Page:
You’re probably curious as to whether or not it’s safe for you, mainly because it’s surrounded by creatine myths, misconceptions and even a few anatomy-related horror stories.
Gym goers may have heard of the word CREATINE being thrown around casually in the gym. One might think that it’s an illegal substance like steroids or something like a performance enhancing drug. You’re also probably curious as to whether or not it’s safe for you, mainly because it’s surrounded by misconceptions, myths, and even a few anatomy-related horror stories.
Let’s crack these myths wide open, shall we?
Myth #1 – Creatine can destroy your kidney
Like any other health supplement, it’s important that you seek advice from your local physicians or nutritionists before taking creatine or any other creatine protocol. However, multiple studies have already shown that creatine is non-toxic and is safe for adults to use, given that they have a healthy renal function. People stating that creatine can cause damage to the kidney may have taken their story from someone who’s had a pre-existing health condition.
Myth #2 – Creatine is a steroid
This is definitely my favourite myth, given that creatine sounds like one of those illegal drugs like Ephedrine. Creatine is a legal dietary supplement that can easily be bought from your local pharmacies, health shops, and groceries. This is not a banned substance under the NCAA or IOC guidelines and has been sold as an over-the-counter product for almost two decades now. Creatine, much like other performance enhancing drugs, can boost muscular endurance, add volume to muscle mass, and increase strength; however, the only difference here is that these benefits are achieved through a non-hormonal pathway.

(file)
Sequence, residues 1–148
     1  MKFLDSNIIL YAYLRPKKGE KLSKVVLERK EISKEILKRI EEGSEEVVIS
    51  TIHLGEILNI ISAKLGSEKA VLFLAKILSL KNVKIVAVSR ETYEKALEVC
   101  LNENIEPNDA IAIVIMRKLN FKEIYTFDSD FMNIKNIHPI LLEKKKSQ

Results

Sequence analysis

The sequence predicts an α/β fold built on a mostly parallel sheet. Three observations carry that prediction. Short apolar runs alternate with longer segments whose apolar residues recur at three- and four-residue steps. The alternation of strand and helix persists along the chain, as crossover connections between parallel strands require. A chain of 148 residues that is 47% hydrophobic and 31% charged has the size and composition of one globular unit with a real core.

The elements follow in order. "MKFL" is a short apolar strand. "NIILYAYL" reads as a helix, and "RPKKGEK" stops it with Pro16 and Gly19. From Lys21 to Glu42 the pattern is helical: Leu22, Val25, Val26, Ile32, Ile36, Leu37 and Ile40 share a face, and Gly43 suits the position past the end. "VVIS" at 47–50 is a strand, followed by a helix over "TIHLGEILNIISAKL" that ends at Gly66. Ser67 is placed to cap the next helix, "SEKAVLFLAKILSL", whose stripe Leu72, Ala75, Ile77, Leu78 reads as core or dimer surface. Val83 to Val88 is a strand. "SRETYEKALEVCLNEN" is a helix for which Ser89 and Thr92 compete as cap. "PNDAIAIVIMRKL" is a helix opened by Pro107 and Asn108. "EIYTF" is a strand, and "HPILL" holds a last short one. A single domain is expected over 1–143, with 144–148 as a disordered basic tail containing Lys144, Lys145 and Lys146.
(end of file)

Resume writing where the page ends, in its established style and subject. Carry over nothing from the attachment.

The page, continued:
Myth #3 – Creatine causes cramps and injuries
This is the most prevalent creatine myth, mainly because it’s circulated people who have no inkling of an idea on what it is and how injuries are caused when it comes to lifting. For the general information of everybody, athletes, gym goers, and bodybuilders will suffer from cramps because of lack of hydration and electrolyte imbalance; your muscles are not getting enough water or losing too much of it.
In a large study done with 1500 participants, creatine supplementation did not increase the likelihood of athletes getting cramps. The study also showed that athletes who didn’t take creatine supplements were more likely to suffer from cramps than the athletes who did take creatine.
Another study done with 72 NCAA division 1 football players showed that supplementing with creatine reduced muscle cramps, tightness, soreness, dehydration, and total injuries.